The Senate Judiciary Committee is considering the Trademark Dilution Revision Act of 2005, which would restore trademark dilution as a powerful cause of action for trademark owners after a 2002 Supreme Court decision imposed strict requirements on trademark owners seeking to prove dilution. The bill passed the House with overwhelming bipartisan support in April and is expected to pass the Senate and be signed into law within the next few months.
The concept of trademark dilution differs significantly from the more commonly recognized violation of trademark infringement. Trademark infringement is based on protecting consumers from confusion. Under an infringement analysis, a trademark owner must show that the alleged infringer’s use of a similar mark is likely to cause consumer confusion with the owner’s trademark.
Courts weigh a number of factors in determining the likelihood of confusion, including the degree of similarity of the parties’ trademarks, goods and services, and the extent to which these goods and services are sold through the same or similar channels of trade. Therefore, it may be difficult to prove trademark infringement where the parties sell different products through different channels, even if the marks are identical.
However, dilution protection shields the trademark holder rather than the consumer. Dilution protection is thus more akin to copyright or patent protection, since the trademark owner is not required to show a likelihood of consumer confusion to establish dilution.
Instead, the trademark owner must show that the mark is famous and that the junior user’s mark is likely to dilute the fame of the senior user’s mark by preventing consumers from identifying the famous mark exclusively with the senior user’s goods and/or services. This can occur even where the parties’ goods and services are not in competition.
For example, Congress has noted that DuPont shoes, Kodak pianos and Buick aspirin are examples of potential dilution, since pianos sold under the Kodak mark would weaken its distinctiveness, even if consumers did not believe that the pianos were actually produced by Eastman Kodak Co.
Congress first passed a trademark dilution law, the Federal Trademark Anti-Dilution Act, in 1995. However, in 2002, the effectiveness of this law was drastically reduced by the Supreme Court’s decision in the case of Mosely v. Victoria’s Secret Catalog Inc. In the Victoria’s Secret case, the Supreme Court ruled that a trademark owner must show actual dilution rather than merely a likelihood of dilution. Because it is difficult to quantify the distinctiveness of a mark and to prove that distinctiveness has been damaged, trademark owners have found it difficult to successfully bring dilution claims under the new standard.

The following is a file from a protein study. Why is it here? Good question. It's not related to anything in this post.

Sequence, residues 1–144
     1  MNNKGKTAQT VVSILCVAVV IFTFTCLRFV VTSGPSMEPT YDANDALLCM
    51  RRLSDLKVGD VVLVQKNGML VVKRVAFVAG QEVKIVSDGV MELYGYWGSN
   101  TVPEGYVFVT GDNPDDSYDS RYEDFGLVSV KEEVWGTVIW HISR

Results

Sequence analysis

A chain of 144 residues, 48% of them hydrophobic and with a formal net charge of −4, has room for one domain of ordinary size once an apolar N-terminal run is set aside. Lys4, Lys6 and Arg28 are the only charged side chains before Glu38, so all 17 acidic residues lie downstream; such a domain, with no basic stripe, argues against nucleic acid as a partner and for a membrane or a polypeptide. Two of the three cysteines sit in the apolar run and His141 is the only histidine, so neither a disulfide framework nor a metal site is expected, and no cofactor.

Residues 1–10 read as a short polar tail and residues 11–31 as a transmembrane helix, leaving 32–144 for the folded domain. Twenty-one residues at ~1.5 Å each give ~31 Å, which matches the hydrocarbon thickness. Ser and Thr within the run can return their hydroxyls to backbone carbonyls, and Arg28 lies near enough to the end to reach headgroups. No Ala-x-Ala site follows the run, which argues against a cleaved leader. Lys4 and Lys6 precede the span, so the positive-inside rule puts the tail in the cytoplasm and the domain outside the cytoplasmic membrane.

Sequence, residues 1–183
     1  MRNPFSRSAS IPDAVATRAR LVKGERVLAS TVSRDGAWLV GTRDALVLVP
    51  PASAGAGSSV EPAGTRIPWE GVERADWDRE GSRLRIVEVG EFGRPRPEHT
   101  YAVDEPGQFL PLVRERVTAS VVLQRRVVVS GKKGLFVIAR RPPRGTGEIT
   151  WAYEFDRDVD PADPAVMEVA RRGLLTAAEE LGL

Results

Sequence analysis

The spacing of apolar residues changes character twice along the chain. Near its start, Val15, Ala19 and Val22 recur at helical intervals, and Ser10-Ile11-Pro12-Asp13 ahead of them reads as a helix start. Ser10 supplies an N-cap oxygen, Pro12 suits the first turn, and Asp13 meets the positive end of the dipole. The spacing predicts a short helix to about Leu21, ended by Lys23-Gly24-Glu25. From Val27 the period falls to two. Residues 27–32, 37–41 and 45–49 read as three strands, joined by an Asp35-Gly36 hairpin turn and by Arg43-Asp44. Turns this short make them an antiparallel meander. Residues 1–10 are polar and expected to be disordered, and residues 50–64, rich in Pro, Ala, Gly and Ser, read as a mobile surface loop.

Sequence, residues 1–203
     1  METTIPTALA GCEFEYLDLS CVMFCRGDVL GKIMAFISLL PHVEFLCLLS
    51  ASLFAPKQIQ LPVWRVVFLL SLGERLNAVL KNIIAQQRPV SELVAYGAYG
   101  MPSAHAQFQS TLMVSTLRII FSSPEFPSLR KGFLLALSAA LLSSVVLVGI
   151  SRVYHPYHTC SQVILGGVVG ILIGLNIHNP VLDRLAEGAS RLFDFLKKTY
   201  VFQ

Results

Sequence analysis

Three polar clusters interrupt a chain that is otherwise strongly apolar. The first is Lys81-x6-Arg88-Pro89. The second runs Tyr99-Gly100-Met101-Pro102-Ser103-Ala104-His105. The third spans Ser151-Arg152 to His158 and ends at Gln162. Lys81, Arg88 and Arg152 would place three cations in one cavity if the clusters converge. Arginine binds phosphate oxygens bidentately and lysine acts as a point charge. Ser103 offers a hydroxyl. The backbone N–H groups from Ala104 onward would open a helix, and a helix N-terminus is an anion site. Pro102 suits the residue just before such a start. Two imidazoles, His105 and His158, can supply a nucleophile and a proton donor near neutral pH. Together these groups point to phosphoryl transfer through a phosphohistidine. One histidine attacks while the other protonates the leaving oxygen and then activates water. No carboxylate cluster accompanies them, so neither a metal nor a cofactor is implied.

The legislation currently considered by Congress would codify the likelihood of dilution standard as the appropriate test for dilution claims, thus effectively overruling the Supreme Court’s holding in Victoria’s Secret, which required actual dilution.
If passed, the law would require the owner of a famous mark to prove a likelihood of association between its mark and the junior mark, arising from the similarity of the marks, which would impair the distinctiveness of the famous mark. This test would depend in large part upon the degree of similarity between the marks and the degree of fame in the senior mark.
Additionally, the law would also require that the trademark at issue be widely recognized by the general consuming public of the United States, not merely in a certain geographic area or in a certain market niche.
If the bill is passed, it will give the owners of nationally famous trademarks a new weapon to prevent weakening of their trademark rights. It will also force small and mid-sized businesses to take a second look at their trade names and trademarks to ensure that they are not using conflicting marks.
Bassam N. Ibrahim, a shareholder, and Bryce J. Maynard, an associate, are members of the Intellectual Property Group at Buchanan Ingersoll PC. For more information about trademark and intellectual property matters, reach Bassam at firstname.lastname@example.org or Bryce at email@example.com.